The National Flood Insurance Program (NFIP) is set to expire at the end of September. In light of recent budget debates, the fate of the program is uncertain, adding another insurance worry to Floridians’ plates. It was hard for residents here to watch the news coverage of the windstorm that took down stage rigging at a state fair — not from a lack of empathy, but from that sense memory of living through hours of 60- to 70-mile-an-hour winds and flooding that come with a hurricane.
It feels as if 2011 has been an unusually active year for natural disasters. Tornadoes this spring wiped towns off the map; floods and droughts and wildfires have devastated communities across the country. Internationally, an earthquake and tsunami in Japan left 24,000 dead and nuclear power plants in peril.
And it’s only August.
Congress has not failed to notice the trend, but NFIP remains the only national risk management program. Now, a handful of lawmakers are trying to address the enormous price tag that comes with every disaster.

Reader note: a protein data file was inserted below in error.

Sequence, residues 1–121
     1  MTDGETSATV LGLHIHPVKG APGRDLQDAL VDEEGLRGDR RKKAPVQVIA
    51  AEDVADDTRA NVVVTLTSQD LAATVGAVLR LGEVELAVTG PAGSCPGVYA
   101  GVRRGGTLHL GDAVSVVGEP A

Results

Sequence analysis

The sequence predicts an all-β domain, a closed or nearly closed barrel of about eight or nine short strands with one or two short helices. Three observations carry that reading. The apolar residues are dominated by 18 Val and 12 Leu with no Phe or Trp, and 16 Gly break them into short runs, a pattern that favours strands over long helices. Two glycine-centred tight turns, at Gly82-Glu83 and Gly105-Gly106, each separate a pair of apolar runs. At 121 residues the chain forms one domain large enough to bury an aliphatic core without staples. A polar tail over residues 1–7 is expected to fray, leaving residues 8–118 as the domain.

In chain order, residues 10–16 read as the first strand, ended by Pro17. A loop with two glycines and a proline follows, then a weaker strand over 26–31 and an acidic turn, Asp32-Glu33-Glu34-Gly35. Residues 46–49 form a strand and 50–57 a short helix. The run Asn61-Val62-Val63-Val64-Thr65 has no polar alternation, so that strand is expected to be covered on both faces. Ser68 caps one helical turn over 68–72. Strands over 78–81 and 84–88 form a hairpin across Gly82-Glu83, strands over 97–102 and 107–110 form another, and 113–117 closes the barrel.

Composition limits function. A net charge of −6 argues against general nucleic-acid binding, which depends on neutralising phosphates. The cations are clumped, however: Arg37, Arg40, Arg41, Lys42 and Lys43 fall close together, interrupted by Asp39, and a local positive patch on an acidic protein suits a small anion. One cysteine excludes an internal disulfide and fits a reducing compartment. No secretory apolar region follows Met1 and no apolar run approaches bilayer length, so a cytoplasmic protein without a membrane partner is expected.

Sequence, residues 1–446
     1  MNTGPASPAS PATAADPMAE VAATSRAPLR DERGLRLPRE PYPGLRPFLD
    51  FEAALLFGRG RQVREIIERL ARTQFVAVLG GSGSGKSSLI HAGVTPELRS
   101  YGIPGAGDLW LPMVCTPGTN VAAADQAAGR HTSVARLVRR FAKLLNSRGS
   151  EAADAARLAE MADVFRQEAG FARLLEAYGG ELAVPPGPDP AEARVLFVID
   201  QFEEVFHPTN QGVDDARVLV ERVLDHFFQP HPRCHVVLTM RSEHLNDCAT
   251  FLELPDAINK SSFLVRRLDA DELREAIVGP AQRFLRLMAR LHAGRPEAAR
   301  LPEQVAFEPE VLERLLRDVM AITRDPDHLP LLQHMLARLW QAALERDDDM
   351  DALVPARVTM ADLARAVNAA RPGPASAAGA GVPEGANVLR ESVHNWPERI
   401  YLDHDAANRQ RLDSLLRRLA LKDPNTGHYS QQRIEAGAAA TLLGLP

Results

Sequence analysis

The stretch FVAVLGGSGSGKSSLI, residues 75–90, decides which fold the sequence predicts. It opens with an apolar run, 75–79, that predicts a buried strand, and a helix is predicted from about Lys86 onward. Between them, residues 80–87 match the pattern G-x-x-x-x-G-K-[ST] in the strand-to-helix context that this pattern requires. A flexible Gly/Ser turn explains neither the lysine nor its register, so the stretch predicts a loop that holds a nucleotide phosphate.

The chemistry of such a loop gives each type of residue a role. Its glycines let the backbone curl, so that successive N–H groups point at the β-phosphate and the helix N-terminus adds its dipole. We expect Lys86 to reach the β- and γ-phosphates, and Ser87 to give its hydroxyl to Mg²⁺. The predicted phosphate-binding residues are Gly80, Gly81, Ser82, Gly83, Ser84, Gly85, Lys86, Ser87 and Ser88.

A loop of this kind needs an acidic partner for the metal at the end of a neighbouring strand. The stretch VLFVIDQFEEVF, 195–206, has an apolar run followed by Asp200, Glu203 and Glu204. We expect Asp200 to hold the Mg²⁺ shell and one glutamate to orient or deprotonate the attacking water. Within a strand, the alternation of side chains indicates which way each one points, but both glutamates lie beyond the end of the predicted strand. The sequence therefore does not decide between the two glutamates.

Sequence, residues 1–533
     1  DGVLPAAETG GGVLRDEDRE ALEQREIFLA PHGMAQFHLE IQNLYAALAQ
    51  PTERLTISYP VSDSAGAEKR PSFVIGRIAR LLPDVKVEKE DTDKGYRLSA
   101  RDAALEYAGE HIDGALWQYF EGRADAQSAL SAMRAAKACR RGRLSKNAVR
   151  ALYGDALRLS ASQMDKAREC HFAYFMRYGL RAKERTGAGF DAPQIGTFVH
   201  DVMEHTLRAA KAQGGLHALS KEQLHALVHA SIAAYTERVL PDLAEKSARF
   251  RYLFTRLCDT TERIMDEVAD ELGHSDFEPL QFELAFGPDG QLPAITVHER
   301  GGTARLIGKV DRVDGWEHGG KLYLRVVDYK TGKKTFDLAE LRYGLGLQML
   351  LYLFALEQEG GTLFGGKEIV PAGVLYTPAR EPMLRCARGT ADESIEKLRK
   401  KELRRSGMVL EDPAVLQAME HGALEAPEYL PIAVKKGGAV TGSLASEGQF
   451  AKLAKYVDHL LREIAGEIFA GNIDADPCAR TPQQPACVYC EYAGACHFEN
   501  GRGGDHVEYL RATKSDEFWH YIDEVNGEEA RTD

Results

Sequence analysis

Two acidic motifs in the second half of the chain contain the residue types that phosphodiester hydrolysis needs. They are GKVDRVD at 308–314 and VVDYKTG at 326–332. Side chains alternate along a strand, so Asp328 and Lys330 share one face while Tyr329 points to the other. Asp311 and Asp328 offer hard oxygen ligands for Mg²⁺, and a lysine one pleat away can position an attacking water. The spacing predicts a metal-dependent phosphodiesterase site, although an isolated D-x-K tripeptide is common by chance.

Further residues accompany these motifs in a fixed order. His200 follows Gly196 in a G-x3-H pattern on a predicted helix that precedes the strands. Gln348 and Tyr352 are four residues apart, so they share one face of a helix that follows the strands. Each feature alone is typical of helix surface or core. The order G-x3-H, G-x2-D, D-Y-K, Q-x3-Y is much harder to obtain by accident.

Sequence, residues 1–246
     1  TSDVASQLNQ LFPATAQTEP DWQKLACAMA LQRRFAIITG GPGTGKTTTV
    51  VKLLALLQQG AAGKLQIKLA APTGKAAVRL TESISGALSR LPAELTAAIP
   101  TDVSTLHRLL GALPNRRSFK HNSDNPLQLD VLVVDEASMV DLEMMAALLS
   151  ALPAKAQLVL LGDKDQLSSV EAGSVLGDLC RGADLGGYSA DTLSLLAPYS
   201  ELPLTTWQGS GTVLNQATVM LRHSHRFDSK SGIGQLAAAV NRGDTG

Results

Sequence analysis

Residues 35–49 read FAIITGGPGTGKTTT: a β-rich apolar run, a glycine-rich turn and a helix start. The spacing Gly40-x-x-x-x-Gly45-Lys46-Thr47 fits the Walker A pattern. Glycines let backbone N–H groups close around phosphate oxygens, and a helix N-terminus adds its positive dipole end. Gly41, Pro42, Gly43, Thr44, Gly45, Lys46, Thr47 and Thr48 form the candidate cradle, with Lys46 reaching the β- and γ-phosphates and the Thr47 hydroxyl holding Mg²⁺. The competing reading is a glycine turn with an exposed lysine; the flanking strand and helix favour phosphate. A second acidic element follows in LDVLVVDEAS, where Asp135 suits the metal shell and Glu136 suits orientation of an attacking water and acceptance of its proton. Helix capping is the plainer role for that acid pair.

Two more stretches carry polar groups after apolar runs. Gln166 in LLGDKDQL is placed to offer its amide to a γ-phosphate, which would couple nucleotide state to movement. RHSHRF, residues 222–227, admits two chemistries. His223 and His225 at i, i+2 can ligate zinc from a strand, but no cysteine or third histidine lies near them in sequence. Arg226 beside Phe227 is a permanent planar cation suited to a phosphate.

The task isn’t easy, of course, especially considering that NFIP, operated by the Federal Emergency Management Agency, is seriously in debt. Recent estimates are in the $17 billion range.
Something, then, isn’t working. Either we as a nation are just plain bad at predicting and preparing for weather-related disasters, or Congress hasn’t any idea how much these events cost.
State insurance commissioners have long supported the development of a comprehensive national disaster risk management plan. One proposed Senate bill would set up a National Commission on Natural Catastrophe Risk Management and Insurance to help do just that.
The commission would be charged with studying the risks of natural disasters and then reporting its findings and recommendations to Congress. The group would sunset 90 days after submitting the report. No mention is made of the timeline for delivering the study.
Congress has less than 45 days to figure this out. Last September, when the current extension was passed, lawmakers explained that the one-year extension would give Congress a chance “to address NFIP’s shortcomings, including the deficit,” as we reported.
To date, one bill has passed the House; it now awaits consideration by a Senate committee.
Source: Risk & Insurance, “A National Disaster Commission,” Dan Reynolds, Aug. 9, 2011Share